from Wiktionary, Creative Commons Attribution/Share-Alike License
- adj. Used other than as an idiom: see very, well.
- adv. Used other than as an idiom: see very, well.
- adv. Used to weaken the effect of certain modal verbs.
- interj. Indicating acceptance, often with resignation or acquiescence, of a statement or situation.
from WordNet 3.0 Copyright 2006 by Princeton University. All rights reserved.
- adv. quite well
- adv. an expression of agreement normally occurring at the beginning of a sentence
Sorry, no etymologies found.
His pregnant wife could not very well lie on her stomach to play a Chopin polonaise.
But the family business, the Auto Beauty Shop, did perform well enough to keep us all very well fed.
It is now very well known that a great many cases of so-called dyspepsia are really due to over-solicitude about food and the elimination from the diet of so many articles supposed to be indigestible that the patient's nutrition is seriously interfered with.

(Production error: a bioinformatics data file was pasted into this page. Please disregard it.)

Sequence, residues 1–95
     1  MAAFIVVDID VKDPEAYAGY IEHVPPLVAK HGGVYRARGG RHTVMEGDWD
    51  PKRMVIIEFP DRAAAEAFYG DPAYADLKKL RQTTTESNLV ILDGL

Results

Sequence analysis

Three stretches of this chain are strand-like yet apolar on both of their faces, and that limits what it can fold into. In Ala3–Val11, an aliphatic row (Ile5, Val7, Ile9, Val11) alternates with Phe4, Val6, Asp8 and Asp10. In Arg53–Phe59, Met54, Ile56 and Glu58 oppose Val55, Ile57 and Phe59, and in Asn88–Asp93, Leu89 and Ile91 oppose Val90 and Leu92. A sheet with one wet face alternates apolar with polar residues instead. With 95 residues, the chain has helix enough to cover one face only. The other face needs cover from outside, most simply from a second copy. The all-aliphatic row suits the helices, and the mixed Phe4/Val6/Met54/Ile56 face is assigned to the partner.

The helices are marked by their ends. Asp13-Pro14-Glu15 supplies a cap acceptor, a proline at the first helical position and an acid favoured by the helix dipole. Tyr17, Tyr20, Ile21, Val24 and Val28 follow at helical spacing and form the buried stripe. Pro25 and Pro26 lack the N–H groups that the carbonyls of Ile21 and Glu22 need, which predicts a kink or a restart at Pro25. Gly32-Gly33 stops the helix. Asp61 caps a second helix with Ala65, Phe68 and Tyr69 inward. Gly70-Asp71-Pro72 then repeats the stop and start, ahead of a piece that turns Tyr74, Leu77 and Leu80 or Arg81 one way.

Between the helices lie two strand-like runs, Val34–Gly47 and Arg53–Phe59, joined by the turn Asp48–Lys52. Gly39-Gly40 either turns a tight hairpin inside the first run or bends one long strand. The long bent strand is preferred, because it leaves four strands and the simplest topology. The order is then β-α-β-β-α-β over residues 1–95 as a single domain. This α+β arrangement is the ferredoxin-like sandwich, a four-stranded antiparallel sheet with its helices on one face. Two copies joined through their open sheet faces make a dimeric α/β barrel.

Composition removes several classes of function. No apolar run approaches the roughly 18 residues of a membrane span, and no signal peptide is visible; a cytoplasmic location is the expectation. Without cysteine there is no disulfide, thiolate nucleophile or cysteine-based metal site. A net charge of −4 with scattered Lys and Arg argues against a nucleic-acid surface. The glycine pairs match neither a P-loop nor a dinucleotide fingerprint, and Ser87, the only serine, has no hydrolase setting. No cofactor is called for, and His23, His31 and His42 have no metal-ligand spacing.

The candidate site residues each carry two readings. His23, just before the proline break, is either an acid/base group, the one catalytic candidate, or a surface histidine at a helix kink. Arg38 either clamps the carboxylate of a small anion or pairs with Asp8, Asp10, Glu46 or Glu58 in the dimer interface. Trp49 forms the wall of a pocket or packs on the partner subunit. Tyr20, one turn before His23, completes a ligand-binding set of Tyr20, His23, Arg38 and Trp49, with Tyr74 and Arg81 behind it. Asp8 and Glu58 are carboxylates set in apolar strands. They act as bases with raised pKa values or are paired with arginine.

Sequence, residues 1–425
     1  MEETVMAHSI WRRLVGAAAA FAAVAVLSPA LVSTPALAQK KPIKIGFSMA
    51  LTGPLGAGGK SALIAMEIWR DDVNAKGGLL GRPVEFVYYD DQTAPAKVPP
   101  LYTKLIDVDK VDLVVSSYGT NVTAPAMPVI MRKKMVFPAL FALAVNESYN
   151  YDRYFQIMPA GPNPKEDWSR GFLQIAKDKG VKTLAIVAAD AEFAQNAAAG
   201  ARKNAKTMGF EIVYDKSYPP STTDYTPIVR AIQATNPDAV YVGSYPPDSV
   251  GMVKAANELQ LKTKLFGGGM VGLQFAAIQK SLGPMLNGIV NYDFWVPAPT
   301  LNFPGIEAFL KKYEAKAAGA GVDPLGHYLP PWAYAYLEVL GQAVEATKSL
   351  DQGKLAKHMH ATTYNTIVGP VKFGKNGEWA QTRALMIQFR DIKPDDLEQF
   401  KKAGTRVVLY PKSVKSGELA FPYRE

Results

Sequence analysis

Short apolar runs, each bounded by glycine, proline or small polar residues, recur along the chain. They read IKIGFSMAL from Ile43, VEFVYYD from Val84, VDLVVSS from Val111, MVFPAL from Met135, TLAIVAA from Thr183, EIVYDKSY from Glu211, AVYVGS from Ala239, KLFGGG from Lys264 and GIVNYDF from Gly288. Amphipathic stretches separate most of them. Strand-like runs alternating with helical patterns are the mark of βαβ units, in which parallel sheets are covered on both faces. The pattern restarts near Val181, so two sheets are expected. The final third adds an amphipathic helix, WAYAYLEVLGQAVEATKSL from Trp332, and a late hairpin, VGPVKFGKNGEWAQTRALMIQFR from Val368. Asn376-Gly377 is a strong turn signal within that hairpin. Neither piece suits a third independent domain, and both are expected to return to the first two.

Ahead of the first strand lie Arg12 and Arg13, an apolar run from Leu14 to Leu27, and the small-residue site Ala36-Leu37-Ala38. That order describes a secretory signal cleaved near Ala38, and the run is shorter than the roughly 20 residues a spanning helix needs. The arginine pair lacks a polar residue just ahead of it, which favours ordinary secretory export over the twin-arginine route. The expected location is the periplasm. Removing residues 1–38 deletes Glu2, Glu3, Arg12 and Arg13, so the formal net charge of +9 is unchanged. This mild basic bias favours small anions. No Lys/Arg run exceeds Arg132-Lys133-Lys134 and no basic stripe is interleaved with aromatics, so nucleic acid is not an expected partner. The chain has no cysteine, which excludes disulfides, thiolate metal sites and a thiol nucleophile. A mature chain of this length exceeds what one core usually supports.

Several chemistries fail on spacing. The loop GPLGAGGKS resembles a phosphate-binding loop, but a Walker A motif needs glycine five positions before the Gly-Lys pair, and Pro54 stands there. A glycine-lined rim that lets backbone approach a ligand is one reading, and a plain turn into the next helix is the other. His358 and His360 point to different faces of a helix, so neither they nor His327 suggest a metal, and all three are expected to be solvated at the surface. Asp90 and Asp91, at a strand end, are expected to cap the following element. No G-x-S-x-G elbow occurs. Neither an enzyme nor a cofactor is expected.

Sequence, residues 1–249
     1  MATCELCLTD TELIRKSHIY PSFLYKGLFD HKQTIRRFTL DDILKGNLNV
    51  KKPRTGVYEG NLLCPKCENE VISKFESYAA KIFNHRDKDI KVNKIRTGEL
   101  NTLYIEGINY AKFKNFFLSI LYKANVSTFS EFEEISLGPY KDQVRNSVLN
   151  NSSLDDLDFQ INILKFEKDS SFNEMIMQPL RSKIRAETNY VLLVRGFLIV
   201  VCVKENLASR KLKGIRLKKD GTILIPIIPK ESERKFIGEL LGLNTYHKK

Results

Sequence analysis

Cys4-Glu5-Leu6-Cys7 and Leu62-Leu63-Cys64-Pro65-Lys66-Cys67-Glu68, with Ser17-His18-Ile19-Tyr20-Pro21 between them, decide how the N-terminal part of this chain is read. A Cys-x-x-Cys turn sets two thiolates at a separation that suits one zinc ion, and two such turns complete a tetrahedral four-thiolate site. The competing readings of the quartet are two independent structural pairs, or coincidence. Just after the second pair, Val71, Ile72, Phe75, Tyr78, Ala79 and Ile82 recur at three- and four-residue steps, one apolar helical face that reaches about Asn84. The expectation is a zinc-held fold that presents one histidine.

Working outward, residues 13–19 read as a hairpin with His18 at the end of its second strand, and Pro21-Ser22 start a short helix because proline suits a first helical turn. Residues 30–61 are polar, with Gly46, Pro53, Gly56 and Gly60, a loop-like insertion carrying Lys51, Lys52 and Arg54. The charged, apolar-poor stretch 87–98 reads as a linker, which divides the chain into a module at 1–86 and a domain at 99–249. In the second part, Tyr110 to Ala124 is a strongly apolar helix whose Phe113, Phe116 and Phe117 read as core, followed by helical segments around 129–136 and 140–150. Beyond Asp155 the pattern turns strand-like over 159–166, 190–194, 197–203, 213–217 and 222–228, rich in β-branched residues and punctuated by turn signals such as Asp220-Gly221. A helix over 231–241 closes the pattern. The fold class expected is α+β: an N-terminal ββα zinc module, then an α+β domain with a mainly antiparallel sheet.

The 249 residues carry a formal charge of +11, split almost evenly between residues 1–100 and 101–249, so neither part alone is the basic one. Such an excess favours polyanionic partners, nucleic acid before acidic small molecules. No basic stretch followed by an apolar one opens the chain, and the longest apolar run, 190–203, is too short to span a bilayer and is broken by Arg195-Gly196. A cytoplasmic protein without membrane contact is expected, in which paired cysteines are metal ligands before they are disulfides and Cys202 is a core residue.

You turn very well the shoulder, he said, but, for me, it was a day of fifteen-, twenty-, and twenty-five-foot putts rescuing me from so-so ball-striking.
I daresay the men would fight very well if properly Officered although they are an exceedingly dirty and nasty people.
“On the other hand, they could very well believe in God,” Dilara said.
The real pleasure of the show lies in the staging of individual numbers, very well choreographed by Andrew Wright.
The others see only the closed petals, but I know very well that the pistil is dead.
The doctrine of justification by faith alone, i.e. without good works, accorded very well with Quietistic passivity.
The shoe-shine man said he was feeling very well indeed, as his stock portfolio was growing rapidly, and he even offered Mr. Baruch some suggestions on a hot stock.